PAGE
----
Unconventional Education Fuels Author's First Novel Austin Grossman's first book is a novel of super heroes and evil geniuses. From member station KUSP, Rick Kleffel has the story of how a literature-major turned videogame designer has returned to writing.

Unconventional Education Fuels Author's First Novel

Unconventional Education Fuels Author's First Novel

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Austin Grossman's first book is a novel of super heroes and evil geniuses. From member station KUSP, Rick Kleffel has the story of how a literature-major turned videogame designer has returned to writing.


First time writer Austin Grossman had, in one sense, a conventional education; high school, college, grad school. But his real education came outside the classroom. It didn't get his a degree but it taught Grossman what he did to know how to write his debit novel.

Rick Kleffel of member station KUSP offers up this chapter in our occasional series First Books.

RICK KLEFFEL: Austin Grossman's first novel, "Soon I Will Be Invincible," has been called a great American superhero novel. It's a comic book world approached with a memoir-like sensibility.

Unidentified Man: I'm the smartest man in the world. Once I wore a cape in public and fought battles against men who could fly, who had metal skin, who could kill you with their eyes. I fought core fire to a standstill and the super squadron and the Champions. Now I have to shuffle through a cafeteria line with men who try to pass bad checks. Now I have to wonder if there will be chocolate milk in the dispenser and whether the smartest man in the world has done the smartest thing he could with his life.

The story is told in alternating chapters, the musings of Doctor Impossible and the anxieties of Fatale, a junior super heroin who has just been invited to join the Champions.

Grossman is now pursuing a PhD in literature, but that wasn't always the plan.

Mr. AUSTIN GROSSMAN (Author, "Soon I Will Be Invincible"): Point, in fact, in undergraduate, I was an psychology major. Things took a bit of a left turn when I graduated - this was in 1992 when computer games weren't quite the hot stuff they are now. It was a little more of a hobby industry. That is when it all went so wrong. I'd literary answered an ad in Boston Globe in the classified section. I went in interviewed at the office and it was all summer, it was full of nurse toys and they had this amazing game they had just done.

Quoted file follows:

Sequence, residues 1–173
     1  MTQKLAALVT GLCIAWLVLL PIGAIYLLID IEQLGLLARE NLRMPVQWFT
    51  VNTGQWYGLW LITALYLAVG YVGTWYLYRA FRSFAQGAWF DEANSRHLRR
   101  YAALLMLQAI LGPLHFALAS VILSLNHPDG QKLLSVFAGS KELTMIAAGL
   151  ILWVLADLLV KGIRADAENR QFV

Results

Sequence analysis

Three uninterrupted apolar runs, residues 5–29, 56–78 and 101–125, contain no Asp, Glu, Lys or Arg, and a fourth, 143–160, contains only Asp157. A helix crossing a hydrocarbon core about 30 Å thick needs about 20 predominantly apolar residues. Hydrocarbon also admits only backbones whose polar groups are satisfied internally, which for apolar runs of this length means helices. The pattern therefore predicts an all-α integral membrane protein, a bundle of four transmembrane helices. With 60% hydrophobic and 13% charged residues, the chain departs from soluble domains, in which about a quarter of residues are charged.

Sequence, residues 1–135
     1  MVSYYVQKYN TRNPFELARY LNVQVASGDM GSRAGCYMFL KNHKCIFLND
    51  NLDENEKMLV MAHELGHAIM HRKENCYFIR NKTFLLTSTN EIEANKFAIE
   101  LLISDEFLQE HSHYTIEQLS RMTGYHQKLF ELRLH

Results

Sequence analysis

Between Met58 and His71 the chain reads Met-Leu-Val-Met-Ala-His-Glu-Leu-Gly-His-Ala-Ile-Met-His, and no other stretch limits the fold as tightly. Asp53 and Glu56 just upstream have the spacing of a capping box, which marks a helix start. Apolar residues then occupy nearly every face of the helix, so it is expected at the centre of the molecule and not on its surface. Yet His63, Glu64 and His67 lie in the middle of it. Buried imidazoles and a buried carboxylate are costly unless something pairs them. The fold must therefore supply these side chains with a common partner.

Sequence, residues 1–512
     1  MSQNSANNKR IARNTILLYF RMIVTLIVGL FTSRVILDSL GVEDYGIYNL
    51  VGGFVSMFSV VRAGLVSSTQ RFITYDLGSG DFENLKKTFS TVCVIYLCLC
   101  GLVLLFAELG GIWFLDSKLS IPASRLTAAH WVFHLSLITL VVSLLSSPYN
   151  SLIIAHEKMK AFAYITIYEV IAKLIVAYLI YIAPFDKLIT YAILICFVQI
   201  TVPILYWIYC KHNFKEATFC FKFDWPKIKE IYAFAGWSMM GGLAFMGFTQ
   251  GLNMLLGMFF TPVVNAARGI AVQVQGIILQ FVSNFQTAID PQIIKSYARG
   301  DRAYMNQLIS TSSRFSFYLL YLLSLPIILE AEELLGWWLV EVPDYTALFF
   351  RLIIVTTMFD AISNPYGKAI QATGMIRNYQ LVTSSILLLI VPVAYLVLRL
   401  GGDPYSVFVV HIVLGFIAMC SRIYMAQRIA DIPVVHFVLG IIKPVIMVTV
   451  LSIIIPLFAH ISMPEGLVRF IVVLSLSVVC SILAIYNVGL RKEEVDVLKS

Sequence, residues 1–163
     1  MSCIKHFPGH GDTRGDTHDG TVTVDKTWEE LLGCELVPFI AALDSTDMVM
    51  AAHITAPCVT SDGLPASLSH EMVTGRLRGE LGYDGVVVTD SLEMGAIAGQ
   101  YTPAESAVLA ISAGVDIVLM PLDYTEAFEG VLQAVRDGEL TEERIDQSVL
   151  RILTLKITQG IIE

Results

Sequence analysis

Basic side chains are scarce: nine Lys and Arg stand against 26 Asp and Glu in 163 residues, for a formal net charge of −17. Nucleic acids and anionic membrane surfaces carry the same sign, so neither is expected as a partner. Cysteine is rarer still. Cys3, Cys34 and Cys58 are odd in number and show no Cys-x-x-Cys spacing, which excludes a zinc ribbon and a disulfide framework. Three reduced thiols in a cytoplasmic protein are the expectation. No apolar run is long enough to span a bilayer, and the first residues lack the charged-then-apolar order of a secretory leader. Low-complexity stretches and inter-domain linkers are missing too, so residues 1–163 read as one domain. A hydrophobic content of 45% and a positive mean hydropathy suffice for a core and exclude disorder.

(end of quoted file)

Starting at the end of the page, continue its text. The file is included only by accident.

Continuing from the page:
KLEFFEL: And there Grossman found an unusual place to begin his education as a novelist, creating elaborate scenarios and writing snatches of dialogues for video games.

Mr. GROSSMAN: Computer game sort of became my substitute MFA program. That was kind of my long sort of apprenticeship as a writer. I've got to write this crazy sort of pulp stuff (unintelligible) fiction and science-fiction and it was enormously liberating.

KLEFFEL: But not liberating enough.

Mr. GROSSMAN: I wanted more. I wanted to step into that world as fully as possible. And also to sort of spoil down the storytelling process a little bit to really savor how cool it is to hang out with superheroes.

KLEFFEL: The result was "Soon I Will Be Invincible," a comic book without the illustrations. In this reading from the novel, super villain Doctor Impossible, residing in a jail cell, offers readers his resume.

Unidentified Man: I'm not a criminal. I didn't steal a car. I didn't sell heroine or steal an old lady's purse. I built a quantum fusion reactor in 1978, and an orbital plasma gun in 1979 and a giant laser-eyed robot in 1984. I tried to conquer the world and almost succeed 12 times and counting.

KLEFFEL: Grossman started the book in the late '90s while still working in a computer game industry.

Mr. GROSSMAN: It didn't really get serious until I went to graduate school at Berkley and I just kind of wanted to write something different, so I started writing about super villain and so forth, and I wanted - I want to see people got or if they went screaming from the room and people actually, sort of, liked it.

KLEFFEL: And so, Grossman continued jotting down the thoughts of his imagines superheroes wherever inspiration struck.

Mr. GROSSMAN: I actually drive with it. (Unintelligible) on the passenger side because of that - I was much of a (unintelligible) writer at that point, but I would do anything, so I - the (unintelligible) this side of the road and started scribbling down what became chunks of the first chapter of this book.

KLEFFEL: Grossman's eccentric education gave him the insight to understand comic book character's psychological hang-ups, computer game expertise to map out their battles and the writing chaps to give readers the experience of hanging out with superheroes.

For NPR News, I'm Rick Kleffel.

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